When it reached nearly two in the morning, however, he concluded that the service on which he had settled and with whom he had negotiated a “date” hadn’t taken his call seriously. He was considering going to bed when he heard a gentle knock on the door. Through the aperture allowed by the chain lock, Gordon ogled the girl he had ordered but was taken aback when a man-mountain, obviously muscle, stepped into view behind her.
“Hey,” Gordon said.
“I’m Sunny,” the girl answered, as if she wasn’t completely confident in her own name.
“If this dude’s name is Maurice, the deal’s off,” Gordon said.
“What? No, this is Myles.”
“It’s a joke. You know, Holden Caulfield? The Catcher in the Rye?”
“Oh. I don’t know him. I don’t follow baseball. I partied once with that A-Rodman guy though.”
“Forget it,” Gordon said.
“Oh. Okay,” she said and turned to go.
“Where you going?”
“You said, ‘Forget it.”
“I meant the allusion, the joke.”
“Oh. Okay. Then, I’m Sunny and this is Myles. He’ll wait in the lobby until I call him on my cell. At which time, he will return and collect payment. If I or these terms are acceptable to you, we may proceed with our date,” she spoke robotically, like a rookie cop reciting the Miranda Rights for the first time.
If Gordon were to guess, he’d place Sunny as no more than twenty-years old and relatively new to the business.
By the middle of the “date,” it was unclear as to who was the professional and who was the client. Sunny abandoned her usual phony moans and groans. Like any addict’s, however, Gordon’s threshold for gratification was climbing and caused him nearly to surpass his one hour limit.
As Sunny cleaned-up and dressed, Gordon catnapped. He woke to find Myles standing above him asking for the grand he was owed.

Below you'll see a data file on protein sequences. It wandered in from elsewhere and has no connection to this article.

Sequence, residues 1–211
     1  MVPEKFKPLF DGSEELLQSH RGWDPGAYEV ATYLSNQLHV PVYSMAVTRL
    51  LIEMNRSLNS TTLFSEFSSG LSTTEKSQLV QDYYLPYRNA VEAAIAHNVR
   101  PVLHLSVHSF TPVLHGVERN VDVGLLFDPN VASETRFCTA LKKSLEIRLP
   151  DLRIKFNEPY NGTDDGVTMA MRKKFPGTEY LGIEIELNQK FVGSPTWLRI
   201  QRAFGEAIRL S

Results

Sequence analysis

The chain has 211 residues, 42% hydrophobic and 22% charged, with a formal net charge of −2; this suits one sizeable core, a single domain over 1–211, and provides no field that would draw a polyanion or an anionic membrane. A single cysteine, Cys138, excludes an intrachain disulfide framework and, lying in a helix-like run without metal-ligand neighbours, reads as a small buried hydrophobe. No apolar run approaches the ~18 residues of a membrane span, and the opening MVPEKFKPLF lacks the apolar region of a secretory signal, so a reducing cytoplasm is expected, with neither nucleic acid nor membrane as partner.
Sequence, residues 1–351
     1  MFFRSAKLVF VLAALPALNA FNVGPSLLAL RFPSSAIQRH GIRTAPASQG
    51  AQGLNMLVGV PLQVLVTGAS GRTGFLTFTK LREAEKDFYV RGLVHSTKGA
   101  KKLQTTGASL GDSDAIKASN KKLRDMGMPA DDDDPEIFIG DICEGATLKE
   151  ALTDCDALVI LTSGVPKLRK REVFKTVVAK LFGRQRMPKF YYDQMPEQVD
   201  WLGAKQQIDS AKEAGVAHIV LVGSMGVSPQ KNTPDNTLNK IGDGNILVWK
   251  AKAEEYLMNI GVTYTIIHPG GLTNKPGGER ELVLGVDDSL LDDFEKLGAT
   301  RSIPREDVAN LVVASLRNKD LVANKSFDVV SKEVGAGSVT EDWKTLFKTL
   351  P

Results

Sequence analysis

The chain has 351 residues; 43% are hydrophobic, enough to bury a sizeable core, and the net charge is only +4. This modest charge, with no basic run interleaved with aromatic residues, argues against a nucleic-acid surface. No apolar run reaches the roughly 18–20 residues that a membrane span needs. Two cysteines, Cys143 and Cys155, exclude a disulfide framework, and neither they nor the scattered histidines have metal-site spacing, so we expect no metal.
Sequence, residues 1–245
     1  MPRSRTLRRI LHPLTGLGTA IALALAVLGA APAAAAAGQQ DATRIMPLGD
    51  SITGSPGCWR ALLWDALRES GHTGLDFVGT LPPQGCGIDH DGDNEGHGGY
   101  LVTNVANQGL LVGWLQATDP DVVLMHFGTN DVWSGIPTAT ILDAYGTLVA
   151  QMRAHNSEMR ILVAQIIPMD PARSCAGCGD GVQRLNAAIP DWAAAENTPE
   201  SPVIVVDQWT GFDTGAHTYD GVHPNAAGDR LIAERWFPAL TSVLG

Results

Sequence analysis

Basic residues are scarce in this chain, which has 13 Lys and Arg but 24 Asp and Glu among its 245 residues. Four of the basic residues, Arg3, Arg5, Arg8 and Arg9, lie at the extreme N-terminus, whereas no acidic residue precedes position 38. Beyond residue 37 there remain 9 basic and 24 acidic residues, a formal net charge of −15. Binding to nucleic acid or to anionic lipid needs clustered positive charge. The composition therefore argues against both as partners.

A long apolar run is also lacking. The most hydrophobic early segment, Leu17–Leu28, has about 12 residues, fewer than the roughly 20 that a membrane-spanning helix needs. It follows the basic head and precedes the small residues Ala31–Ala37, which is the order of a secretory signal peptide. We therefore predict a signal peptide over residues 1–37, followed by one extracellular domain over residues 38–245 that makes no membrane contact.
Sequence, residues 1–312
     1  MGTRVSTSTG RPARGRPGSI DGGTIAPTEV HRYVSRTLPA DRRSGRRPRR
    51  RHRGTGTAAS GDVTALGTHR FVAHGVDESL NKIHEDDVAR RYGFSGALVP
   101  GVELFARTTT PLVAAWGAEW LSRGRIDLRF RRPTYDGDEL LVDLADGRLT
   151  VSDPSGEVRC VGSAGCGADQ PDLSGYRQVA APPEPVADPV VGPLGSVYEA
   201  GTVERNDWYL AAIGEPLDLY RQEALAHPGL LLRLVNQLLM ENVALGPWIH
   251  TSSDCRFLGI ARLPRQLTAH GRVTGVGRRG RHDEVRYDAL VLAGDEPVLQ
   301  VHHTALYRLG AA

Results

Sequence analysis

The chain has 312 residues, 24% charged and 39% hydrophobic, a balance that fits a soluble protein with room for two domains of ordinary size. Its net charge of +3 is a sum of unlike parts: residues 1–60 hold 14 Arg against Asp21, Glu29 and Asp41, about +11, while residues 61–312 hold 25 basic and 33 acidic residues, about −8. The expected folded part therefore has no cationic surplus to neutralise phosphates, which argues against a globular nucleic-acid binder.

“A thousand!” Gordon said.
“One hour at one grand an hour comes to one thousand dollars,” Myles proudly calculated on his finger.
“Just a minute,” Gordon said. “I’ll have to go next door.”
Myles furrowed his brows, sneered his lips, and pulled his hands from his suit pants pockets, suspecting some kind of bullshit set-up.
“Don’t worry. I just need to get the money next door. From my mom,” he added just for fun.
Gordon knocked heavily on Ms. Martin’s door.
She answered dressed in a mid-thigh length, cleavage-baring, pink, silk nightie and with one of those satin sleep blindfolds pushed on top of her head. Although in her early forties, she clearly worked out. Wearing only his athletic-cut, boxer briefs, Gordon couldn’t nor did he try to hide his enthusiasm.
“Gordon!” She said both in a mixture of surprise and appreciation, trying, with limited success, to keep her focus trained on his eyes.
“I need some money,” he said as casual as asking for an extra pillow while he crossed his feet at the ankles and leaned his right shoulder against the door jamb. He knew the only one more screwed in the hotel that night than Sunny was Ms. Martin. What could she do? Say, ‘no?’ Call the cops? Call his mother, whose trust she had so failed to measure up to? Risk pissing off the goose that laid the golden Manfred egg with only a one-book deal to which she herself had insisted on limiting their initial relationship?
“Money? What for? At . . . what is it . . .?” she turned to see the digital alarm clock on the nightstand. “Three in the morning!”
By the time she returned her attention to Gordon, Sunny and Myles had joined him.
“Gordon,” Ms. Martin said. “Tell me you didn’t hire a hooker.”
He didn’t respond but his smirk gave him away.
“All right,” Ms. Martin said exasperated. “What does he owe?”
“That would be a thousand, M’am,” Myles answered as if talking to his third grade teacher.
“That’s right, M’am. “Like I said to the boy, one hour at one grand an hour comes to one thousand dollars,” he smiled proudly for the teacherly lady.
“That’s what I said! Can you believe it?” Gordon interrupted.
With no good options, Ms. Martin slipped into a bathrobe in which to visit the ATM in the lobby for the difference between the money in her purse and the total bill. Before she closed the door, Ms. Martin stopped, looked to Gordon and said, “If you ever pull a stunt like this again, I swear I’ll pull that thing right off.”
“Yes, M’am,” he said, but his grin betrayed his lack of genuine remorse.